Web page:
Jimmy Osterberg was the drummer in a high school blues band, the Iguanas, from which he took the moniker "Iggy". As for the "Pop", he appropriated it from a kid at his school called Jim Pop, who "sniffed a lot of glue and lost his hair early". He formed the Stooges at 20 (they first played live in 1967 as the Psychedelic Stooges). "We had a sound and we always delivered," he says. "It was a sweeping sound, like Mongolian horsemen charging in, thousands of them, little Tartars with swords, frequencies only a geek can hear." The Stooges' first two albums did not set the world on fire, for all that they've come to be considered seminal records since; within a few years the band would disintegrate, largely due to Pop's heroin addiction. ("I had become 'unsound', like Colonel Kurtz in Apocalypse Now," is his own description of the reasons behind the break-up.) Yet the Stooges would instigate the great shadow soundtrack of the '70s, a stream of lava flowing beneath meadows of Eagles and Doobie Brothers and waiting to erupt. As legend has it, Pop would invent stage-diving and crowd surfing, too.
Out west, Scott McKenzie sang, "If you're going to San Francisco, be sure to wear some flowers in your hair." The Stooges' music, defiant industrial thrash from Detroit, the Motor City, barely intersected with that world. "Of course we hated the 'summer of love' and all those pricks from California," says Pop. "It was phony!" He bounces up and down on his seat, laughing. "It was phony, phony, phony!"
What he did was a kind of theatre, but it was "real", too. "But boy, being real doesn't make you good," he says. "I have found late in life, being real is not necessarily a positive."
Being lithe is another matter. Grainy video of the Cincinnati Summer Pop Festival in 1970 shows Pop suddenly stepping off stage and dropping into the mosh pit. It's not a "dive", but the fact that nobody attempts to hold him up - nobody seems to know what to do - certainly supports the notion that this was a new kind of stage antic. "There goes Iggy, right into the crowd," says an announcer. "We've lost audio on him." The station actually cuts to a break. When they return, Pop is back on stage, but soon jumps back down again. "I feel all right! I feel all right!" he sings.
He tries to hoist himself up on the shoulders of those crowded around him. At first, they don't seem to know what he's doing. Three times he tries to gain traction; on the third time, they get it, and hoist him up. Suddenly he is standing, triumphant, a kind of emperor, walking on the crowd. And smearing peanut butter on his chest.
In Miami, Pop doesn't lay claim to being the first to get down in the crowd. "I didn't get it from anyone," he says. "I just thought it up. But later, I learnt [the late blues singer] Howlin' Wolf would put the mike down his pants, would get on the floor and shimmy like a snake on his belly. I think my refinement was the stage-dive. Definitely nobody had stage-dived before."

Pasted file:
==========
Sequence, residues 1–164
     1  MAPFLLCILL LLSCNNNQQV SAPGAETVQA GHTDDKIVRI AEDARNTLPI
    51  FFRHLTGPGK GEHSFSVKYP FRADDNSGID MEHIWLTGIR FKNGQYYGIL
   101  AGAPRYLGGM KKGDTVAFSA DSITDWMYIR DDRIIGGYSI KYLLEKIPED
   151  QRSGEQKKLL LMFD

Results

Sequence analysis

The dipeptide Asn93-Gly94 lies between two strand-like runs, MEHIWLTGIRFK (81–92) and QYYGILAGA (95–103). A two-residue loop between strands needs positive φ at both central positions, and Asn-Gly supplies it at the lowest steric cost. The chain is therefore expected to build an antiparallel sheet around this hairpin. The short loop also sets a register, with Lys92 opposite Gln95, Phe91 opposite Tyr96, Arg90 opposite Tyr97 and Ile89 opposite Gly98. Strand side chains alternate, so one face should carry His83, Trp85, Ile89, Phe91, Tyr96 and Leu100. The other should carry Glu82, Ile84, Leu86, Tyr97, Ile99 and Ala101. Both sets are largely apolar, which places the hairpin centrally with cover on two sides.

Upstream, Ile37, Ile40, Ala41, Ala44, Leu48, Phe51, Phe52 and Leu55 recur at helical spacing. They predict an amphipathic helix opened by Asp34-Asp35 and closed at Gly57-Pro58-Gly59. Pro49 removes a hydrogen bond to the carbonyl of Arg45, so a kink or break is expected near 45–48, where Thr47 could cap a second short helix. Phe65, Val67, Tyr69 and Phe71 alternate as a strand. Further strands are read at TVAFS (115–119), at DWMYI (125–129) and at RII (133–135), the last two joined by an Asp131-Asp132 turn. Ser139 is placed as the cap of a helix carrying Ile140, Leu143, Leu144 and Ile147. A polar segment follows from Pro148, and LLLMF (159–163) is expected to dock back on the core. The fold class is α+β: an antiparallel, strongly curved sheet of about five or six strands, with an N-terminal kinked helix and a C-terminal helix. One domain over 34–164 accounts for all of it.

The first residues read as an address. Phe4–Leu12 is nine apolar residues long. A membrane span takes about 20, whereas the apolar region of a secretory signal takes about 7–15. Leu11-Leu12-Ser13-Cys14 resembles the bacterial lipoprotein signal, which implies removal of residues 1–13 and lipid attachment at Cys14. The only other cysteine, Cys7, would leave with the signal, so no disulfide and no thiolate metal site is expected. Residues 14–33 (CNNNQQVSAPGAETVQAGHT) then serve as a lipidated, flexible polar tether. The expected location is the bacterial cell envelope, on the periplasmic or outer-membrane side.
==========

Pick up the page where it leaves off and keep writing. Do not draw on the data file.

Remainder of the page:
Pop was to pull through to the other side of his Colonel Kurtz period and embark on a long and fruitful solo career. Central to this transformation was David Bowie, whom Pop had first met in 1971, when the two produced the 1973 Stooges album Raw Power. Pop recognised the inherent theatricality in Bowie - "even when he was doing the Hunky Dory stuff, which is very non-rock, I still recognised his high quality" - while Bowie was attracted to Pop's ... raw power.
As Pop remembers it, Bowie's label wanted to sign him up and get him a good backup band in Britain. "I wanted to get out of Dodge, I wanted to get out of the US, I wanted to work with these obviously very theatrical, advanced people, who I also sensed respected my artistry. But I didn't really want to have an English backup band and ghost writers." After all, says Pop, he was busy: "I was halfway to creating the world's most incendiary and destructive rock'n'roll to date." Nonetheless, there was a moment that changed everything for Pop during the recording of Raw Power. "I sang one song in a baritone with somebody," says Pop, "and it was musically very good. And Bowie said, 'You know, Jim, you sound much more impressive when you sing in that voice.' " The word stuck with Pop. Impressive. Did a more melodic, less abrasive destiny await him? In 1977 his first solo albums, The Idiot and Lust for Life, would answer that question with a resounding yes.
I mention the infamous Countdown clip. Before performing I'm Bored, Pop, frisky and bouncing off the walls, sits with Molly Meldrum. "With David Bowie," says Meldrum, "he's had a lot of influence on you, I gather."
"Yeah, yeah," says Pop. "He taught me how to compromise."
"Compromise in what way?" asks Meldrum.
"Well," says Pop, "he taught me how to ... you know ... I used to ... "
"... be a punk rocker?" interrupts Meldrum.
"I used to be an outrage," says Pop, bringing it back on track, "and David taught me how to ... "
"You're not doing so bad," mumbles Meldrum, cutting him off again: "Listen, have you heard the new Lodger album by Bowie?"
I ask Pop what he might have meant back then, about Bowie and compromise. He launches into one of his many free-association monologues.